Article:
Please join me in giving Nancy a warm welcome.
The Blank Page
by Nancy Northcott
Every December, I tear the shrink wrap off of the calendar for the coming year and flip through the pages. They’re full of beautiful photographs and blank spaces. I already know some of the things that’ll be in those blanks--birthdays, holidays, and various appointments--but most of the boxes have nothing yet destined for them. Filling in some every month will chart the journey of our year.
I’ve never been one to look at every day as the first day of the rest of my life. That’s just too relentlessly upbeat for me. But after a day or a week or a month that hasn’t gone well, turning to a new, blank page is a way to draw a line under what came before and start fresh.
A perfect example, and one many of us think about at this time of year, is weight loss. When I worked as a weight loss counselor, I used to tell people not to get upset if they slipped up one day and totally blew their eating plans. Getting back on track the next day, on the next blank page or box of the calendar, can help salvage the rest of the week. It’s damage control, and I think it’s easier when there’s a new, clean page to be written on.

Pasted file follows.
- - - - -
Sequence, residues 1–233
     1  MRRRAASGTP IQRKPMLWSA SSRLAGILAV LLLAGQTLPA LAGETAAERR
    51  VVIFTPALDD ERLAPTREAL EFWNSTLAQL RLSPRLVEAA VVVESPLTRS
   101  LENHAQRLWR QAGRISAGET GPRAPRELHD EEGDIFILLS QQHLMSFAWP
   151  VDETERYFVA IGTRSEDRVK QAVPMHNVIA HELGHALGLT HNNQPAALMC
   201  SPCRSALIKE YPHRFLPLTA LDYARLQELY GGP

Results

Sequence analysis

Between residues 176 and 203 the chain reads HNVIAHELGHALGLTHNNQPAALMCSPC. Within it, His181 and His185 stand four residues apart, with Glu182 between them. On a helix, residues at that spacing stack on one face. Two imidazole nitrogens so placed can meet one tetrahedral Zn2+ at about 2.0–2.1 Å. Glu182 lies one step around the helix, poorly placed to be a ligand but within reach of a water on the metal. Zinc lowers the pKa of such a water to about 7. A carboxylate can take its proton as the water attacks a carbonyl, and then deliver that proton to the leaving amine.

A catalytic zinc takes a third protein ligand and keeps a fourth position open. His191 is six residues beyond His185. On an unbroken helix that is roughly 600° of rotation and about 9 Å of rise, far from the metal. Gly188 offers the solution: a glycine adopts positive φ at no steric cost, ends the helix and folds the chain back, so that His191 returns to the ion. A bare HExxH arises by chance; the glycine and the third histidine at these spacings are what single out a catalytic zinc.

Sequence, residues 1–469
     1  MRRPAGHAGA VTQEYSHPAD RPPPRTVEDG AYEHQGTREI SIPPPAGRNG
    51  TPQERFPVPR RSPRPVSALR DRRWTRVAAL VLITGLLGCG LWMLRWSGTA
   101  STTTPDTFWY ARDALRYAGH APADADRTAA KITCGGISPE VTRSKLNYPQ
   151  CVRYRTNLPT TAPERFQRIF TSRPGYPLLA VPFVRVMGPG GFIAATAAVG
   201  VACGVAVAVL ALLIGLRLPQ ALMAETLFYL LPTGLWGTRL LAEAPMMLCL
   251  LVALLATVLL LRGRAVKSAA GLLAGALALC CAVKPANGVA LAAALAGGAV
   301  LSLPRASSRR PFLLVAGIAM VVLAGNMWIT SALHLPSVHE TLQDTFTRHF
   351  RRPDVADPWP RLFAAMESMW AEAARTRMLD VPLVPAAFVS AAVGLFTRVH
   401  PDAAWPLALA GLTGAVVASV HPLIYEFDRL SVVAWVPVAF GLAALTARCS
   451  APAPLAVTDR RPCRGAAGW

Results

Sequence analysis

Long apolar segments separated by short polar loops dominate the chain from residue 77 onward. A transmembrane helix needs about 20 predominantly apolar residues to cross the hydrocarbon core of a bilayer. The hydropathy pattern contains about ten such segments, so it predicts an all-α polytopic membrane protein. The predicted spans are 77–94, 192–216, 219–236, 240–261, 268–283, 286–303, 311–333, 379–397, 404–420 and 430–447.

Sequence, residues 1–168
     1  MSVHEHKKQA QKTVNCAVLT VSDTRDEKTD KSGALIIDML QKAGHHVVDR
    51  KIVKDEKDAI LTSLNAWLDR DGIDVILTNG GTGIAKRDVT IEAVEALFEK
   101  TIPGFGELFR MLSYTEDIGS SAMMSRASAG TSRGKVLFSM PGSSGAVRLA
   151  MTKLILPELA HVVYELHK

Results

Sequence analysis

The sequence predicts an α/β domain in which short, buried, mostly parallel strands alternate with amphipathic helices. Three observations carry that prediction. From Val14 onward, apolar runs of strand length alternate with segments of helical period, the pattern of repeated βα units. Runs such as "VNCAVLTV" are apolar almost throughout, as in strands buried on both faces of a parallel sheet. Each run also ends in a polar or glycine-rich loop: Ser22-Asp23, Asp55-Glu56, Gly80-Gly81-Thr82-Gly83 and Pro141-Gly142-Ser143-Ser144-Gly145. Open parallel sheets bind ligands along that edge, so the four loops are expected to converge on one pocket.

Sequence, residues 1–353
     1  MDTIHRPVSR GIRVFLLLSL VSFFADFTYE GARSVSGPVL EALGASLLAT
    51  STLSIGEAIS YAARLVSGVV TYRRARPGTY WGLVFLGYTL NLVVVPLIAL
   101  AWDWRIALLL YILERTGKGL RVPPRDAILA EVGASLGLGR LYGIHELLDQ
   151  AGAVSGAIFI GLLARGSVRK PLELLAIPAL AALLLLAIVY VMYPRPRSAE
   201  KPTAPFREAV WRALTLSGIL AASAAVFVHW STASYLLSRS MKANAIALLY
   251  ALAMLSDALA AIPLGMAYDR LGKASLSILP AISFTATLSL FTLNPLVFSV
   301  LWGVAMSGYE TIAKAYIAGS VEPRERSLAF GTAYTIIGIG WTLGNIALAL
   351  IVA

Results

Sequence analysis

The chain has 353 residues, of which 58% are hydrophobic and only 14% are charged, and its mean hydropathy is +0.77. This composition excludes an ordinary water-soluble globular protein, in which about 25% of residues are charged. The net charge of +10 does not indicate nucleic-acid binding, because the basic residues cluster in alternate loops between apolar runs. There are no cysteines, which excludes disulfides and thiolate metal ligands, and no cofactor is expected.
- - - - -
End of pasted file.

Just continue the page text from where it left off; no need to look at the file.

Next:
Some people make their new starts by listing resolutions. I’m prone to overreach when I do that, so I’ve started making general plans instead. There’s something about resolutions that feel rigid to me, as though a single slip-up voids progress. Plans seem much more flexible.
This year, my plans are to lose weight, work out more often, declutter my house (surely a Herculean task), and weed my bookshelves (again, and more ruthlessly). When I flip the calendar page to each new month, I’ll consider how I did with these the one before and what I need to do in the one ahead.
I also want to get back to the Okefenokee and to Brunswick and Savannah so I can do research for the Light Mage Wars. I love seeing these places through the characters’ eyes and figuring out how my imaginary people will interact with these surroundings.
There are other blank pages than the ones on calendars, of course. Artists start with blank canvases. So do needlepointers and embroiderers, though they use different kinds of canvases. For a cook who loves inventing dishes, the blank recipe card waits to be filled.
Writers confront blank pages all the time, ones we need to fill with words. Those pages are both invitation and challenge, and the words come more easily some days than others.
Do you make plans or resolutions? Do they ever involve blank pages or canvases? What are you looking toward for this year?